is nothing to God, by whose judgment the decision must be given. But 
if our presumption cannot be tamed by these considerations, he will 
answer us as he did the Pharisees, "Ye are they which justify 
yourselves before men; but God knoweth your hearts: for that which 
is highly esteemed among men is abomination in the sight of God," 
(Luke 16: 15.) Go now and make a proud boast of your righteousness 
among men, while God in heaven abhors it. But what are the feelings 
of the servants of God, of those who are truly taught by his Spirit? 
"Enter not into judgment with thy servant; for in thy sight shall no 
man living be justified," (Ps. 143: 2.) Another, though in a sense 
somewhat different, says, "How should man be just with God? If he 
will contend with him he cannot answer him one of a thousand," (Job 
9: 2, 3.) Here we are plainly told what the righteousness of God is, 
namely, a righteousness which no human works can satisfy which 
charges us with a thousand sins, while not one sin can be excused. 
Of this righteousness Paul, that chosen vessel of God, had formed a 
just idea, when he declared, "I know nothing by myself, yet am I not 
hereby justified," (1 Cor. 4: 4.) 
    3. Such examples exist not in the sacred volume only; all pious 
writers show that their sentiment was the same. Thus Augustine says, 
"Of all pious men groaning under this burden of corruptible flesh, 
and the infirmities of this life, the only hope is, that we have one 
Mediator Jesus Christ the righteous, and that he intercedes for our 
sins," (August. ad Bonif. lib. 3, c. 5.) What do we hear? If this is 
their only hope, where is their confidence in works? When he says 
only, he leaves no other. Bernard says, "And, indeed, where have the 
infirm firm security and safe rest, but in the wounds of the Savior? 
Hold it then the more securely, the more powerful he is to save. The 
world frowns, the body presses, the devil lays snares: I fall not,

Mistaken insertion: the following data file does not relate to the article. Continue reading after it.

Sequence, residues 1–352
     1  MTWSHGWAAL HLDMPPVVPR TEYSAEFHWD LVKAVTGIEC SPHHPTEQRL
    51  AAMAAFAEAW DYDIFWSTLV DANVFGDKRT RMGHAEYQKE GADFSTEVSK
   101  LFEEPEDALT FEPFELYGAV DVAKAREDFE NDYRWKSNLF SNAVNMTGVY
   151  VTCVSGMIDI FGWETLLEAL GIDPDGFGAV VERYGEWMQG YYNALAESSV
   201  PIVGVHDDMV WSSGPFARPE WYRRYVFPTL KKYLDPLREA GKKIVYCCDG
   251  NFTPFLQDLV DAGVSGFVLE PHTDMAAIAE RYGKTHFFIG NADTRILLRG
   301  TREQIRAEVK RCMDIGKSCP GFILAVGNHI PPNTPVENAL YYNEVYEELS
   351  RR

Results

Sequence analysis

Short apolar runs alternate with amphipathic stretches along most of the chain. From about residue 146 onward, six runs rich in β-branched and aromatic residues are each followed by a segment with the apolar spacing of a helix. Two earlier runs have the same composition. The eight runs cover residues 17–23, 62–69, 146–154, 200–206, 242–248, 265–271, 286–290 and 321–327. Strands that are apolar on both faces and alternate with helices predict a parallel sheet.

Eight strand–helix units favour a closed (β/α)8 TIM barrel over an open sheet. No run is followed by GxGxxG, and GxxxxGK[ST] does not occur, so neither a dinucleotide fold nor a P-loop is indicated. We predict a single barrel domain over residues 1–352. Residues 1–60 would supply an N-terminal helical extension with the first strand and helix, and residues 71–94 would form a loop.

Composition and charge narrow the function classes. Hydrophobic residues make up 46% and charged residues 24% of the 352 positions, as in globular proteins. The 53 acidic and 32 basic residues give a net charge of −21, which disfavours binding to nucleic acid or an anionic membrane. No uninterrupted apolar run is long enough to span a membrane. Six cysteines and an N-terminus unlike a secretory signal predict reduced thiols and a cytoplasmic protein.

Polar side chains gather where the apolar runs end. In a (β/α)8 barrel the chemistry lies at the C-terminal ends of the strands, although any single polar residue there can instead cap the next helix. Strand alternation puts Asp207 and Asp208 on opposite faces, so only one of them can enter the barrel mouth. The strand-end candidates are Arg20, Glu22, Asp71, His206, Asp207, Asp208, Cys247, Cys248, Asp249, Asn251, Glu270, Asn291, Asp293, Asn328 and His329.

because I am founded on a firm rock. I have sinned a grievous sin: 
conscience is troubled, but it shall not be overwhelmed, for I will 
remember the wounds of the Lord." He afterwards concludes, "My 
merit, therefore, is the compassion of the Lord; plainly I am not 
devoid of merit so long as he is not devoid of commiseration. But if 
the mercies of the Lord are many, equally many are my merits. Shall 
I sing of my own righteousness? O Lord, I will make mention of thy 
righteousness alone. That righteousness is mine also, being made 
mine by God," (Bernard, Serm. 61, in Cantic.) Again, in another 
passage, "Man's whole merit is to place his whole hope in him who 
makes the whole man safe," (in Psal. Qui Habitat. Serm. 15.) In like 
manner, reserving peace to himself, he leaves the glory to God: "Let 
thy glory remain unimpaired: it is well with me if I have peace; I 
altogether abjure boasting, lest if I should usurp what is not mine, 
I lose also what is offered," (Serm. 13, in Cantic.) He says still 
more plainly in another place: "Why is the Church solicitous about 
merits? God purposely supplies her with a firmer and more secure 
ground of boasting. There is no reason for asking by what merits may 
we hope for blessings, especially when you hear in the prophet, 
'Thus saith the Lord God, I do not this for your sakes, O house of 
Israel, but for mine holy name's sake,' (Ezek. 36: 22, 32.) It is 
sufficient for merit to know that merits suffice not; but as it is 
sufficient for merit not to presume on merit, so to be without 
merits is sufficient for condemnation," (Bernard, Serm. 68.) The 
free use of the term merits for good works must be pardoned to 
custom. Bernard's purpose was to alarm hypocrites, who turned the 
grace of God into licentiousness, as he shortly after explains: 
"Happy the church which neither wants merit without presumption, nor